Young explained that even though the lawsuit awarded $29.2 million to the plaintiffs, including the county, this money cannot be used for individual relief from health problems or well water contamination. These situations must be settled in private lawsuits against the responsible parties, she said.

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Rep. Green calls for Cleanup of the Waste Pits

REP. GENE GREEN SPEAKS on the floor of the House of Representatives, urging Congressional action on the ZIKA virus, and the removal of the Waste Pits from the San Jacinto River.
REP. GENE GREEN SPEAKS on the floor of the House of Representatives, urging Congressional action on the ZIKA virus, and the removal of the Waste Pits from the San Jacinto River.

WASHINGTON – Congressman Gene Green continues to press the government for action on environmental issues, including the removal of the Waste Pits from the San Jacinto River, and funding to eliminate the Zika virus.

In a letter to EPA chair of the National Remedy Review Board, who will eventually rule on the method of remediating the Waste Pits, Green urged complete removal of the dioxin waste.

“These waste pits continue to be a public health threat, particularly for communities in Harris County and along the River. Residents have been advised not to drink water or eat seafood that may have come from the area because dioxin can do serious damage to a person’s immune system, and can also cause cancer and reproductive and developmental problems,” Green said. “This is no way to live. We need to take the strongest measure available to clean up the site.”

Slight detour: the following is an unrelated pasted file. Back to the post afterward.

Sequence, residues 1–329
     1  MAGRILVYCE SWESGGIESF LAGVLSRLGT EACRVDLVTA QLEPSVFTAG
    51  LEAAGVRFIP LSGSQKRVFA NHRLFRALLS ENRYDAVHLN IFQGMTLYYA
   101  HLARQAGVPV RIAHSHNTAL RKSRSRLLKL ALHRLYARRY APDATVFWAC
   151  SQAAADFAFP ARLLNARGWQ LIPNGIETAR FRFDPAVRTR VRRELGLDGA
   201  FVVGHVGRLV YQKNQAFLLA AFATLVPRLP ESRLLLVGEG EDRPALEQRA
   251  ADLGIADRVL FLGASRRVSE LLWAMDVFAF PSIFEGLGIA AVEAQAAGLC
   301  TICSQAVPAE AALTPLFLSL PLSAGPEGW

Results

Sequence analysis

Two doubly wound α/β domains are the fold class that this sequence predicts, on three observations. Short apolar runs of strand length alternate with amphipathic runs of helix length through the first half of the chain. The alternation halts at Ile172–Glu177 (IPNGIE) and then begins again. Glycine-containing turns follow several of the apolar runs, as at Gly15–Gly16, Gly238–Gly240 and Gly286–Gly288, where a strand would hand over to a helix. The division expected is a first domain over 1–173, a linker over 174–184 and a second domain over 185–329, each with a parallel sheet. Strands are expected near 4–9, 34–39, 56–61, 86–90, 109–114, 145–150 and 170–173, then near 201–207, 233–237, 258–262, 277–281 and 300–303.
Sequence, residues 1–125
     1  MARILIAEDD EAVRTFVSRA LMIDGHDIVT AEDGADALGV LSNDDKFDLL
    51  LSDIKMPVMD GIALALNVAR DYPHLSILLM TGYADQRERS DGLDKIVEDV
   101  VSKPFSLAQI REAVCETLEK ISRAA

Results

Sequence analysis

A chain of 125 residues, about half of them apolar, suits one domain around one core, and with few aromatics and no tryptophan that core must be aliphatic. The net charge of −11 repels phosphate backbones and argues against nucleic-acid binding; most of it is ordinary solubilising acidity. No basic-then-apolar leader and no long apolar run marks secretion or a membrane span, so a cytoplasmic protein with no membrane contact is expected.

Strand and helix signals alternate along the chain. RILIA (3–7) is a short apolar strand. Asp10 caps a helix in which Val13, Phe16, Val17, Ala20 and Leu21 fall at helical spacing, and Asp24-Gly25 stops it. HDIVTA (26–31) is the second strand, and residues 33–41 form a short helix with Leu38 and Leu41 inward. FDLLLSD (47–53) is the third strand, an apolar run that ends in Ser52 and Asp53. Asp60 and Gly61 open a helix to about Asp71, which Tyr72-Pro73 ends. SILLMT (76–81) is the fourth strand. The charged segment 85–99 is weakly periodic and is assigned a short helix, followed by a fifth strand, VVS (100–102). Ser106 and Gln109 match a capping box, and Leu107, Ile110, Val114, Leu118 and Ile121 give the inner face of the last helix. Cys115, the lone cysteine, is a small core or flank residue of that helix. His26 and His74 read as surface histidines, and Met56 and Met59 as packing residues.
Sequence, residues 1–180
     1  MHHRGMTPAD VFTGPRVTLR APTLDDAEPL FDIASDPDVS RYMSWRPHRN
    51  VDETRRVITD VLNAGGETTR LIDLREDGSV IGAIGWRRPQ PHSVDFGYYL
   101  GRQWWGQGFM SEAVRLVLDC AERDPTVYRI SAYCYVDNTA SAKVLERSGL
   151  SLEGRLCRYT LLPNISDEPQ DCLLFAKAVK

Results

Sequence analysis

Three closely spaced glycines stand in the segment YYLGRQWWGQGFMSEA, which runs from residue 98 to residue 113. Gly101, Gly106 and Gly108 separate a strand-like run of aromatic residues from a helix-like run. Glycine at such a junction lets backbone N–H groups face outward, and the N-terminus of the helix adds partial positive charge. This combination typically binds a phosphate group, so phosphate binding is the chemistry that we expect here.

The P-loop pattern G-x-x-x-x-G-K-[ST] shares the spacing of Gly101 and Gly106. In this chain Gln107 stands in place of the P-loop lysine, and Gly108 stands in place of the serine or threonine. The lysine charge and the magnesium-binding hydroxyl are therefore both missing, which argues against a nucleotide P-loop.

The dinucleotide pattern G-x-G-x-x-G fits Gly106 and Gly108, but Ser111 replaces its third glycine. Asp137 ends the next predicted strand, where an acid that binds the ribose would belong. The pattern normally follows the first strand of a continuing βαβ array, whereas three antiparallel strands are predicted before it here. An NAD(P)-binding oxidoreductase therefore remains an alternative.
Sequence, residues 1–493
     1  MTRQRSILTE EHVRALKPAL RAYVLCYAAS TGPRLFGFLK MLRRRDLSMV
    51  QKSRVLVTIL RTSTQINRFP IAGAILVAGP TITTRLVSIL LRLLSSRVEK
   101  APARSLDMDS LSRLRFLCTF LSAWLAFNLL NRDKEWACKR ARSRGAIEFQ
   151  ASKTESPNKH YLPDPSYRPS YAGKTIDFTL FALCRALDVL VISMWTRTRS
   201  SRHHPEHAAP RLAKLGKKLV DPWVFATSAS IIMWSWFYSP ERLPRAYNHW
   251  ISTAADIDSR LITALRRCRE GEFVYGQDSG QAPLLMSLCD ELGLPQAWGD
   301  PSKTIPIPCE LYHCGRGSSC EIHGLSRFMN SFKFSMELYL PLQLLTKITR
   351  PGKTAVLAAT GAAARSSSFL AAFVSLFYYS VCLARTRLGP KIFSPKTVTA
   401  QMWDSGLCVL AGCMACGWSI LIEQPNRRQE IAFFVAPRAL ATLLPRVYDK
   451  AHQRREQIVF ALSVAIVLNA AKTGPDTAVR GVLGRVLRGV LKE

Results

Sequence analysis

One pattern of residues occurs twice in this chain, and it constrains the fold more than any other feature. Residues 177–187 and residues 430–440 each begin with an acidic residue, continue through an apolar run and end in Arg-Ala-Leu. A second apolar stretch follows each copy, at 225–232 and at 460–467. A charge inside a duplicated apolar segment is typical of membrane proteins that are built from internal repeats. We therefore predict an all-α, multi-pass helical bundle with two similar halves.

Currently, the San Jacinto Waste Pits are partially submerged, and contained under a temporary cap near the western bank of the San Jacinto River, immediately north of the I-10 bridge. The pits were created in the mid-60’s by Champion Paper and McGinnes Industrial Maintenance, who filled the ponds with waste paper sludge from a local paper mill until 1968, when they were abandoned.

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San Jac plays a role in three generations of Hovsepian family

Nico and Cassandra Hovsepian have made San Jacinto College a part of their family. (Photo credit: Calyn Hoerner)
Nico and Cassandra Hovsepian have made San Jacinto College a part of their family. (Photo credit: Calyn Hoerner)

San Jac Certified: All in the family

PASADENA, Texas – The Hovsepian family can happily say that San Jacinto College has had an impact on three generations of their family. Nico Hovsepian, his mother, his wife, Cassandra, and his daughter, Christian, all attended and were later employed by the College.